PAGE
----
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The purpose of this paper is to investigate gender differences in employment status trajectories of young Europeans during their initial labour market experience, and the…
The purpose of this paper is to investigate gender differences in employment status trajectories of young Europeans during their initial labour market experience, and the way in which they are affected by some labour market institutions.
The empirical analysis is based on EU-SILC longitudinal data (waves 2006–2012), and focusses on young people aged 16–34. Monthly information on self-declared employment statuses for 36 months is used to define “employment status trajectories”. Young people are observed in two different phases: the first three years after leaving education (first phase) and a three-year window, starting around four years after the end of education (2nd phase). Multinomial logit models are used to estimate the probability of following different trajectory types as a function of individual characteristics, macroeconomic conditions and institutional indicators.
Results show that, in the first phase, women and men face on average the same difficulties in entering the labour market. When controlling for the presence of children, non-mothers have higher chances than men to enter rapidly and successfully into the labour market, whereas young mothers have the same chances. In contrast, in the second phase women experience more fragmented pathways than men, even if they do not have children. A less stringent regulation on dismissals of employees with regular contracts could enhance women’s employment opportunities in the school-to-work transition, but it would have detrimental effects for both men and women in the subsequent years. On the contrary, a more stringent regulation on the use of temporary contracts would have beneficial effects for women, with no adverse effects for men.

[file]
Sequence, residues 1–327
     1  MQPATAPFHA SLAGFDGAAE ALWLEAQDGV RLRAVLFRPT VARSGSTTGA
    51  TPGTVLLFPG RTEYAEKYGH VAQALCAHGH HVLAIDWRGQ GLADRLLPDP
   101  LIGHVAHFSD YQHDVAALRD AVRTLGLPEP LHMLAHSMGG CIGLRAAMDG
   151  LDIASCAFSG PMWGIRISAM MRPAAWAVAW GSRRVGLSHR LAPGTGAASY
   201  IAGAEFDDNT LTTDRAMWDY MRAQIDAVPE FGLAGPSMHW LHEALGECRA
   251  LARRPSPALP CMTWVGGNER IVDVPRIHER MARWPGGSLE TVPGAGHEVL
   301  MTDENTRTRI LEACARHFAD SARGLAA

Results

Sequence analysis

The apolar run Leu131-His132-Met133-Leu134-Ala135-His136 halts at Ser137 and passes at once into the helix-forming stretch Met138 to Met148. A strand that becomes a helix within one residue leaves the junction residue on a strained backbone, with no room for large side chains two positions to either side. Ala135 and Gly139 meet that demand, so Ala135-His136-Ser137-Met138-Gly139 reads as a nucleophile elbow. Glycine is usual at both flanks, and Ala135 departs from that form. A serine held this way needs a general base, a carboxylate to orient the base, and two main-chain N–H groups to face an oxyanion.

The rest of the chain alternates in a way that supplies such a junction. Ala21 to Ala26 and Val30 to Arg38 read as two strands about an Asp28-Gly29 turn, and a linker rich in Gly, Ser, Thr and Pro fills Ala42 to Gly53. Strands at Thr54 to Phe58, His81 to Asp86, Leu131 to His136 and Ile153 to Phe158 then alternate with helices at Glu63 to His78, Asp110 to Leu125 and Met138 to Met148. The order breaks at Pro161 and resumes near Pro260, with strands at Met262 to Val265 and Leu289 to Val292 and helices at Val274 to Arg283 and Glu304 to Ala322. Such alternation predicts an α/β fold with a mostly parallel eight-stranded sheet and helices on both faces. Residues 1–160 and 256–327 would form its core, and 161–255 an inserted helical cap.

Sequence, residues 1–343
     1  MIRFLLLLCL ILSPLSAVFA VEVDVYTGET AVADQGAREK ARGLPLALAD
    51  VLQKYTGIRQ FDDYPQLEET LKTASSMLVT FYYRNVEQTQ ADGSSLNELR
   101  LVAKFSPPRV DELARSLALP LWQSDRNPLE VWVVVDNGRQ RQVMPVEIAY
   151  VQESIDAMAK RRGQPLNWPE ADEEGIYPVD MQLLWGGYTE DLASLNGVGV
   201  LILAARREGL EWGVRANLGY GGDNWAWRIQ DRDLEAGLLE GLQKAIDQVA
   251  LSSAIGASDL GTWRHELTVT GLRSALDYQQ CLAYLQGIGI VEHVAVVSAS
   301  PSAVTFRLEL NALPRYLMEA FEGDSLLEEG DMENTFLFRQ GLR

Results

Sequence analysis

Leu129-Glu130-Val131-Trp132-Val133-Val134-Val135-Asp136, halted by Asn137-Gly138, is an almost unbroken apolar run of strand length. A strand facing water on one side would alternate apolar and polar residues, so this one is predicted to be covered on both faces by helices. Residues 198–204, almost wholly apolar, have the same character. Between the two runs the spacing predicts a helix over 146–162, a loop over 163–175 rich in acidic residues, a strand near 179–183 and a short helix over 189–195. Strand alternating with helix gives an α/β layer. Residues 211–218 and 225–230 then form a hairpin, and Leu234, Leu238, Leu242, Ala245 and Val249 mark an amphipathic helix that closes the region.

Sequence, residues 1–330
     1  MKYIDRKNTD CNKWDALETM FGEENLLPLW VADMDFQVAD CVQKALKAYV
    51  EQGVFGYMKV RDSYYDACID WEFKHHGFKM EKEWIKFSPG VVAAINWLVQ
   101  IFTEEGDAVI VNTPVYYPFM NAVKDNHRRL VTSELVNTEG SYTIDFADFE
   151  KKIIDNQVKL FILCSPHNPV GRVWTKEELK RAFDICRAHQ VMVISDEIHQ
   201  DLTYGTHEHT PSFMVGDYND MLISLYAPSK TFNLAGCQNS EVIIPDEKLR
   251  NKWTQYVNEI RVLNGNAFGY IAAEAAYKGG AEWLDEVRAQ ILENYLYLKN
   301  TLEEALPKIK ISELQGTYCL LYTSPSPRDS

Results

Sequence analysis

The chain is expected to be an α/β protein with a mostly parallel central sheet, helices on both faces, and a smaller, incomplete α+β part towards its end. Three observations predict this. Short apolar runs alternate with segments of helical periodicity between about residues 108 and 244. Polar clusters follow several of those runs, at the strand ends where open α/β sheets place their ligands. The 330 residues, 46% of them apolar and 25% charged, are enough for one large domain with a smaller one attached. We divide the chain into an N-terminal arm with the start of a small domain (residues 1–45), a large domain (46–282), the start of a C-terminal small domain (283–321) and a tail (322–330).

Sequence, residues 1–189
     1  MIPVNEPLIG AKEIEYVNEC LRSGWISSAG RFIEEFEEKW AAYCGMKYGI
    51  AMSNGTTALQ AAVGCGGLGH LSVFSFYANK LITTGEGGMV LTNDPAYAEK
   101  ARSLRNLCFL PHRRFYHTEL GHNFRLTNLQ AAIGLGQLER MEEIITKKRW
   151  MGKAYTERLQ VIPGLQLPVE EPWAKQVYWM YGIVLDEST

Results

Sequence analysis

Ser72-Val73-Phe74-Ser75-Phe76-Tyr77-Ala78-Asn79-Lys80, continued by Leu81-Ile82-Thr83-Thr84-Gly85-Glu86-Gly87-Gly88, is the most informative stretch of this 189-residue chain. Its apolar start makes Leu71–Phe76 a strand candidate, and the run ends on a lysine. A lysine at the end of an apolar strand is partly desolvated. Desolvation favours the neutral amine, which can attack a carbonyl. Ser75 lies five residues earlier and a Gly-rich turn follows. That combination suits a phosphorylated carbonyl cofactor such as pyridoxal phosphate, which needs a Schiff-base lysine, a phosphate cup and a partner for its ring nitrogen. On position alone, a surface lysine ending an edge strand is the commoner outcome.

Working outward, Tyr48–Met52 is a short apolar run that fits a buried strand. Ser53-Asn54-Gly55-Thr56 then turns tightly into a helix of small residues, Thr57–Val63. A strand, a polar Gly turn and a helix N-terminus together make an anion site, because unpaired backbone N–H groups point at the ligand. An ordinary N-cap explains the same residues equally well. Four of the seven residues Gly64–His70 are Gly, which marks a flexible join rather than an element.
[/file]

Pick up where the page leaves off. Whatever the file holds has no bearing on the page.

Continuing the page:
The paper contributes to the literature in several ways. First, it takes a broader perspective on youth labour market integration by considering two phases of individuals’ initial working life. Second, it combines an explicit attention to the first “significant” employment experience with a focus on individual trajectories, by adopting a new method to group trajectories. Third, it shows how the effects of labour market institutions vary by gender, highlighting the importance of considering gender-specific consequences when discussing or adopting labour market reforms.
The purpose of the paper is to characterize an evaluation protocol of the social discount rate (SDR). This is based on the social rate of time preference (SRTP…
The purpose of the paper is to characterize an evaluation protocol of the social discount rate (SDR). This is based on the social rate of time preference (SRTP) principles, according to which the investment selection process must tend to maximize the utility of the community.
The theoretical reference of the evaluation protocol is represented by the Ramsey formula. It is widely used in many countries with advanced economics for the SRTP estimation, through the maximization of the Social Welfare Function (SWF).
The protocol structure and the protocol applications to the Italian and US economies explain how the SDR value is influenced by the socio-economic structure of the single nation.
The strong variability of the results of the SDR according to the theoretical approach of reference and the operating path that follows can lead to judgments decidedly divergent on the acceptability of the public project, hence, the important policy implications for the entire allocation process of public resources.
The applications allow to highlight the important operational problems that must be resolved with regard to the choice of the time intervals of the evaluations, as well as logical-operational tools to be used to express estimates of parameters.
They are relevant in relation to the effects of a more equitable allocation of the resources.
The protocol for the SDR estimation is based both on solid disciplinary principles and on objective data of non-complex availability and representative of the economic and socio-demographic context of the country in which the decision-making process is implemented.